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Zarion

Selecting targets for actions in an RTS

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Note that an RTS certainly isn't the only type of game where this question is relevant, however, it seems to me to be the clearest example of where this takes place frequently. Maybe it's just me, but requesting targets for actions seems to be a hard issue on which to cleanly seperate GUI and game logic code. Say, for example, in an RTS, you have a cleric selected, and you want to command it to cast Heal on a damaged unit. You click on the Heal button, and then click on the desired target, and then the unit proceedes to cast the spell. Pseudocode something like the following seems intuitive at first glance, but very tricky once you get into it: Button_Heal { CastSpell(Heal, GetTarget(creature) ); } Obviously, the spell needs a target upon which it is to be cast, and once you click on the button you are prompted to select this target. Though this seems like the most straightforward method as far as the button's spellcasting code is concerned, how would you really extract a target as the return value of a function while still continuing to process the rendering and updating of game entities as normal? I suppose its possible that the GetTarget routine could contain its own version of the main game event loop, and could intercept mouse events. If it determined that a valid target was clicked on, it could return this target, and if it detected a cancel command (like pressing escape or something) it could return -1, and cause the whole casting routine to bail. However, this complicates one's ability to click on other command buttons after clicking on the spell button. Even if we could see that this is an invalid target an bail, we'd still lose the click event, thus requiring the user to click on a button twice if they'd previously selected another action. There are ways around this, of course, but they seem to become increasingly messy and contrived as time goes on. Another method involves the heal button setting some sort of global 'cursor mode' which determines how the cursor is interpreted by the objects it clicks on. Then, whenever you click on the map or a creature, the game interface checks the current cursor mode, and performs the appropriate action according to it. In this case, it could switch to 'spell targetting' mode, but in order to know which spell to cast when you click, it would also need to store additional information, like a spell ID code. Plus, to properly inform the player about a target being somehow invalid when you click on it, the GUI code would seem to need to grow uncomfortably coupled with the underlying game mechanics. Even worse would seem to be routines requiring multiple different types of targets within the same action. (Say, for a random example since nothing better comes to mind at the moment, a spell that exchanged control of two creatures) Clicking on a creature in 'spell targetting' mode could no longer simply cast the spell on the creature you click on. In this case, it would have to somehow store the previous target (presumably in some global 'spell target' variable), then switch to another targetting mode to obtain the second target. Then, this cursor mode would call the spell with one target being what it just clicked on, and the other target that was previously stored in the global spell_target variable. This is beginning to seem almost spagetti-like, with the required componants of spellcasting being seperated among multiple different, seemingly unrelated areas of the GUI. Is there no clean way to organize this all within the spell's own code? Say: Spell_SoulTransfer() { creature1 = GetTarget(creature); creature2 = GetTarget(creature); swap(creature1.owner, creature2.owner); } How have some of you dealt with this issue? Any helpful hints? Am I totally looking at this the wrong way? (PS. I'd rather avoid threading, if possible, since that brings its own set of headaches)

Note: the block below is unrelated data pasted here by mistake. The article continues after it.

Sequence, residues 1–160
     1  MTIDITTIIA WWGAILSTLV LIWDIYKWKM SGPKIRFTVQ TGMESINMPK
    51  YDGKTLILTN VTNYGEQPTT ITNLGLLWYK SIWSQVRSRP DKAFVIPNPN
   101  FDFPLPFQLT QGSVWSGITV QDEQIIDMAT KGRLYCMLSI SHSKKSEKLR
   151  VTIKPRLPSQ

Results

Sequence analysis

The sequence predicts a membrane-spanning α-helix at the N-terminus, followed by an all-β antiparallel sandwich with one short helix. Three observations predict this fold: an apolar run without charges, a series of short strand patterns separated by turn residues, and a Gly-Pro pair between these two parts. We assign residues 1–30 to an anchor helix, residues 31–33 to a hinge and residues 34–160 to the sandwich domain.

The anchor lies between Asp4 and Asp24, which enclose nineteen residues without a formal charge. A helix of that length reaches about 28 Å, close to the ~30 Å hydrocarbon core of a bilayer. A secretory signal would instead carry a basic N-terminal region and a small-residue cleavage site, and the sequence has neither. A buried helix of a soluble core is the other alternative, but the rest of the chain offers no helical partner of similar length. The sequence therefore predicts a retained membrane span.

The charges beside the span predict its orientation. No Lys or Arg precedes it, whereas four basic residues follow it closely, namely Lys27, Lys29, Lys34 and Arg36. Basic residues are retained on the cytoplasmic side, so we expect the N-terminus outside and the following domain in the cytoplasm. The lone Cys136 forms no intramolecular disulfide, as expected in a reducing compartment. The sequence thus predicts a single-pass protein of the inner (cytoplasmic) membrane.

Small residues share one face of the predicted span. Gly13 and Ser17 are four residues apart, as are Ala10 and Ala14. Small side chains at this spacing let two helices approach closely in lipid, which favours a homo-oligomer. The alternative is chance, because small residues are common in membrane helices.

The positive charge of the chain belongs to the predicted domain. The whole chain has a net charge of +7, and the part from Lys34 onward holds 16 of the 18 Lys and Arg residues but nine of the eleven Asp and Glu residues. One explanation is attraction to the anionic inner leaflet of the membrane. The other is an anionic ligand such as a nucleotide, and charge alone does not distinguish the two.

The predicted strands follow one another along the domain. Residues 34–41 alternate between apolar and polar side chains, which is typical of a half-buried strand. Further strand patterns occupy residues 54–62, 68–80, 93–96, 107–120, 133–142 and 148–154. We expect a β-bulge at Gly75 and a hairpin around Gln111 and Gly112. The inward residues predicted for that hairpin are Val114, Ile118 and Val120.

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Finite state machines. You start in an Idle state, then clicking that button moves you to the Heal-Targeting state. Clicking Cancel returns you to the Idle state, clicking on a Creature moves you to the Casting state, etc. You don't duplicate any loops or do any threading. Just keep track of what state you're in at all times and act accordingly. You may need several parallel state machines to do this, or a hierarchical model.

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